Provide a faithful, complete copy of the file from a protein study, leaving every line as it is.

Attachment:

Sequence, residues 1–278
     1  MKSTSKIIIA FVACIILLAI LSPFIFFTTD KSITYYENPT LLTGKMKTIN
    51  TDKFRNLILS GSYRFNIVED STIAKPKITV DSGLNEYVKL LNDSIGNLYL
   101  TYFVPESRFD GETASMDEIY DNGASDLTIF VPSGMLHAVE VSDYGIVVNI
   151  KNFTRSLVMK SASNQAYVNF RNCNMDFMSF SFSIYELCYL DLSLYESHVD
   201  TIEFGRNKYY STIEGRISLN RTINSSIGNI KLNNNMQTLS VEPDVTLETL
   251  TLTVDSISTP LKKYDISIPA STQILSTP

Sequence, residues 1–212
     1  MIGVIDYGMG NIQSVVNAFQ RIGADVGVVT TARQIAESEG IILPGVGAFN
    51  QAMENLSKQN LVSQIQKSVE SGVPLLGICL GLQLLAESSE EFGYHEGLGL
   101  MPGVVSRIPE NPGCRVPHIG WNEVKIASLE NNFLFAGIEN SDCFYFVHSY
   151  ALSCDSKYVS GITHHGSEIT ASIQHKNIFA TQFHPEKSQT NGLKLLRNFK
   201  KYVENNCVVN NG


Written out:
Sequence, residues 1–278
     1  MKSTSKIIIA FVACIILLAI LSPFIFFTTD KSITYYENPT LLTGKMKTIN
    51  TDKFRNLILS GSYRFNIVED STIAKPKITV DSGLNEYVKL LNDSIGNLYL
   101  TYFVPESRFD GETASMDEIY DNGASDLTIF VPSGMLHAVE VSDYGIVVNI
   151  KNFTRSLVMK SASNQAYVNF RNCNMDFMSF SFSIYELCYL DLSLYESHVD
   201  TIEFGRNKYY STIEGRISLN RTINSSIGNI KLNNNMQTLS VEPDVTLETL
   251  TLTVDSISTP LKKYDISIPA STQILSTP

Sequence, residues 1–212
     1  MIGVIDYGMG NIQSVVNAFQ RIGADVGVVT TARQIAESEG IILPGVGAFN
    51  QAMENLSKQN LVSQIQKSVE SGVPLLGICL GLQLLAESSE EFGYHEGLGL
   101  MPGVVSRIPE NPGCRVPHIG WNEVKIASLE NNFLFAGIEN SDCFYFVHSY
   151  ALSCDSKYVS GITHHGSEIT ASIQHKNIFA TQFHPEKSQT NGLKLLRNFK
   201  KYVENNCVVN NG